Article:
"The smoking point of an oil is the temperature at which it will start to smoke and turn harsh or bitter. The oils typically recommended for deep-frying have smoke points of around 440 F to 450 F -- peanut, corn, and safflower oil are at the high end, grapeseed and canola are slightly lower. The smoking point of olive oil is quite a bite lower, around 375 F. According to logic, then, and a whole lot of "food science experts," it would seem that frying in extra-virgin olive oil would result in burnt flavor or soggy undercooked foods. But anyone who has ever eaten an artichoke "alla Giudia" in Rome knows this not to be the case, and olive oil is my oil of choice for deep-frying."
                                      -- Molto Italiano, p. 24

                                      I hasten to say that I don't do high-heat frying with olive oil myself, but I thought this was interesting. I tend to trust Batali on these things.

                                      1. re: jlafler
                                        Karl S Jan 15, 2009 08:27 AM

                                        Well, the clue is that the type of frying Italians tend to do is in the mid-300s and often is not long in duration.

                                        I would not do American fried chicken in EVOO, for example.

                                        The other things is that EVOO is frightfully expensive for deep frying in quantity, and that's waste. Batali can pass those costs on to his patrons. I can't....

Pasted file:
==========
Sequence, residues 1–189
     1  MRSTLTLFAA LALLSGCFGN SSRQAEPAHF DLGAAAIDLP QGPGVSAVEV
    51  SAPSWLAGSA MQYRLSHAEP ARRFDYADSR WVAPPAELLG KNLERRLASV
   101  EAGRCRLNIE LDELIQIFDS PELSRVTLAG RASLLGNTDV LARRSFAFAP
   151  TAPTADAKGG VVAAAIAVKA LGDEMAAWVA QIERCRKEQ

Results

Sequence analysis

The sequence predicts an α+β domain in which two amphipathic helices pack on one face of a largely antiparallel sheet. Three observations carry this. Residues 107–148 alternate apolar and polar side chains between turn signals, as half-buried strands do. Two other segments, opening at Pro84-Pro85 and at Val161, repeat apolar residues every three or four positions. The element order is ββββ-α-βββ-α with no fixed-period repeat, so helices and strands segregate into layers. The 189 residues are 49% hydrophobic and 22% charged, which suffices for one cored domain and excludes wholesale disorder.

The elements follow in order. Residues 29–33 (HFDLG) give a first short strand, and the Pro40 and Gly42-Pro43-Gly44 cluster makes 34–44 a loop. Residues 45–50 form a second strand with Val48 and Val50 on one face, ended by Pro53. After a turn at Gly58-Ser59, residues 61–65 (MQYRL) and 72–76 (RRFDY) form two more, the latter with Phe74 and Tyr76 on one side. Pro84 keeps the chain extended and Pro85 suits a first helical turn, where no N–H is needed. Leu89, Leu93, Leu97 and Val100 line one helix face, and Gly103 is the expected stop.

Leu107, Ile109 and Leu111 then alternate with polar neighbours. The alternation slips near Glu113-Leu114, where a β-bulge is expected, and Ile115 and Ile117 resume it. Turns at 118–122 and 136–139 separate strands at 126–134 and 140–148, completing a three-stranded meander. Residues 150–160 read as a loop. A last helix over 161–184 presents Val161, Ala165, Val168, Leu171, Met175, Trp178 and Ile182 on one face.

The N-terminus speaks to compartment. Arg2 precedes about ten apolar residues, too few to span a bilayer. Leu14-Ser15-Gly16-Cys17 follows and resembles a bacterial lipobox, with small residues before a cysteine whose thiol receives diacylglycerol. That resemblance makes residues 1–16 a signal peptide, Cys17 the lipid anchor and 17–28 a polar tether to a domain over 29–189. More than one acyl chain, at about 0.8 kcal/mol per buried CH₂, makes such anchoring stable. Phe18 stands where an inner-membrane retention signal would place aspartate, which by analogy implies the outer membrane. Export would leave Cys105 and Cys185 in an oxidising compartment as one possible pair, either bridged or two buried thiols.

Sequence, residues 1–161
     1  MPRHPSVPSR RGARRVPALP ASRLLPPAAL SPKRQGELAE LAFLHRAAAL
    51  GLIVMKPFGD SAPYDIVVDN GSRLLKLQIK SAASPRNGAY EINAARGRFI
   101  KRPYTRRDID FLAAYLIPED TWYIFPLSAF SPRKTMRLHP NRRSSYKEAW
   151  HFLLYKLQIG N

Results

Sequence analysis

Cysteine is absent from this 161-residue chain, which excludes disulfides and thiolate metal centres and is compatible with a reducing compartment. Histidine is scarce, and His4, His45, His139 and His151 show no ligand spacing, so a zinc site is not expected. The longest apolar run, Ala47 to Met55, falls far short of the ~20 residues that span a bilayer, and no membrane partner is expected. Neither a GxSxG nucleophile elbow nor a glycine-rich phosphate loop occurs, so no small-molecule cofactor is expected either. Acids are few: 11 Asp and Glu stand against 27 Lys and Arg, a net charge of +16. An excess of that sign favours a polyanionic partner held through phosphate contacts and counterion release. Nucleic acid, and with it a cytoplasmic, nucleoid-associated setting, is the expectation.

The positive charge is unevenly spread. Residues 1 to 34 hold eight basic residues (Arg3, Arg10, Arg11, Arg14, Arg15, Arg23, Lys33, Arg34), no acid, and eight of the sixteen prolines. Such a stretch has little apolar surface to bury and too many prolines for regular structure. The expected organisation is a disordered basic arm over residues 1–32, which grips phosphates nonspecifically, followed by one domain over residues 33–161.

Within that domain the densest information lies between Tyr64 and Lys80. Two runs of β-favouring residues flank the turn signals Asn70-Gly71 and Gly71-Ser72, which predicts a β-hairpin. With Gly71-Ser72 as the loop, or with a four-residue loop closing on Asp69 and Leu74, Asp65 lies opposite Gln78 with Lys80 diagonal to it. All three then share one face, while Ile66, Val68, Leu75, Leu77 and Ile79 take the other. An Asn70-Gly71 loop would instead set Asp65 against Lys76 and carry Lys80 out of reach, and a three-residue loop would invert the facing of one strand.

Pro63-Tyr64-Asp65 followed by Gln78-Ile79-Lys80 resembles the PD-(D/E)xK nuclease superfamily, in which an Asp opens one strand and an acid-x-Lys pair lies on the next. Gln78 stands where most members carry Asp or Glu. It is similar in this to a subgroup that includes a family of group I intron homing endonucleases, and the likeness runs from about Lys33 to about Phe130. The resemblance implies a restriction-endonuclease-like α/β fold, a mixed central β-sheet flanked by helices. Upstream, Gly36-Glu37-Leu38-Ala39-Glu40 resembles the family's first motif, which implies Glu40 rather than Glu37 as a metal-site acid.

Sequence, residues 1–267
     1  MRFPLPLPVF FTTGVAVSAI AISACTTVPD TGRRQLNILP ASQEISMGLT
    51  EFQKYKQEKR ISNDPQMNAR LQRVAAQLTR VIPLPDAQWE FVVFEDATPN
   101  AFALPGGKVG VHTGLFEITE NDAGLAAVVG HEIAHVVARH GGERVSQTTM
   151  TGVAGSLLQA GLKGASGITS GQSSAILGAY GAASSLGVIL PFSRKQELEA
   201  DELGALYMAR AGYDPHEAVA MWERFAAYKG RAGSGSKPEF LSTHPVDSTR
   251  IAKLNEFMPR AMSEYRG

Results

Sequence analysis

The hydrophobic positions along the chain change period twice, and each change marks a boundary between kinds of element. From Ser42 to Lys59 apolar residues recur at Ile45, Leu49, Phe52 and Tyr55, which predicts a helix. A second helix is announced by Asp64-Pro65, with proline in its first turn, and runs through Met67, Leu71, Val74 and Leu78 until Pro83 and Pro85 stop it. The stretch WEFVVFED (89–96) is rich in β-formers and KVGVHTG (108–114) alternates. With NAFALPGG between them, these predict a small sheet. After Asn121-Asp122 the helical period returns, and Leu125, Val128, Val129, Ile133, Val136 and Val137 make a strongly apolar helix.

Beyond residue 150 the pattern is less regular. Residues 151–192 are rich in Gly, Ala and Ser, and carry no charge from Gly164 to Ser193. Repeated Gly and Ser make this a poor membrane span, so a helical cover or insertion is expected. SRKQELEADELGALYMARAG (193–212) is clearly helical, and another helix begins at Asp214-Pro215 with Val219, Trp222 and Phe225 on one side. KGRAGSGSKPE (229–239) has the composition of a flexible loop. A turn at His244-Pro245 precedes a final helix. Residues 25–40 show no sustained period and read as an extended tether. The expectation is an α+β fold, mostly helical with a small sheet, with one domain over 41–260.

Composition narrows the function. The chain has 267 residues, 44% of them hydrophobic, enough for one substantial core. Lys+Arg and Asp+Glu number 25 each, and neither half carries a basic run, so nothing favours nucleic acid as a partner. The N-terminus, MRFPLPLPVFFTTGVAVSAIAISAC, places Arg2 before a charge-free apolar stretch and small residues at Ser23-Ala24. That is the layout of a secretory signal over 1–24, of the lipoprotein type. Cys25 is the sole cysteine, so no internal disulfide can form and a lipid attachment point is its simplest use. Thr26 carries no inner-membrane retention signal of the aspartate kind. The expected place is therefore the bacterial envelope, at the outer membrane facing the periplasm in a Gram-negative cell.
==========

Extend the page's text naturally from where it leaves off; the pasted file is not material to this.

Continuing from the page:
1. re: Karl S
                                          foodsmith Jan 15, 2009 10:45 AM

                                          Batali also has a $500k kitchen to play in, with excellent safety equipment. Am I going to go on his advice and try deep frying in extra virgin olive oil in my little kitchen? I don't think so!

                                          Interesting tidbit anyway that I'll keep in mind.

                          2. goodhealthgourmet Jan 10, 2009 10:59 AM

                            Grapeseed or Rice Bran.


                            1. k
                              Kelli2006 Jan 10, 2009 11:53 AM

                              I don't deep fry, so a quart of Planter's peanut oil lasts me 1-2 months.

                              1. j
                                Jim Washburn Jan 14, 2009 06:43 PM

                                If cost isn't a factor, peanut or grapeseed, otherwise, corn. Canola oil stinks, <phew!>.


                                1. f
                                  food_eater79 Jan 14, 2009 06:51 PM

                                  I usually use canola oil (cheap). What has more trans fat or saturated fat? Canola or peanut oil?

                                  3 Replies
                                  1. re: food_eater79
                                    goodhealthgourmet Jan 14, 2009 06:58 PM

                                    peanut oil has more sat fat than canola. in fact, canola has the lowest sat fat content of all veg oils. neither contains trans fat.

                                    1. re: goodhealthgourmet
                                      food_eater79 Jan 14, 2009 07:30 PM

                                      Yeah I always thought it has the least fat and highest smoke point for the price. Feel free to correct me if I'm wrong, anybody. Smell goes away, but healthy cooking has importance too.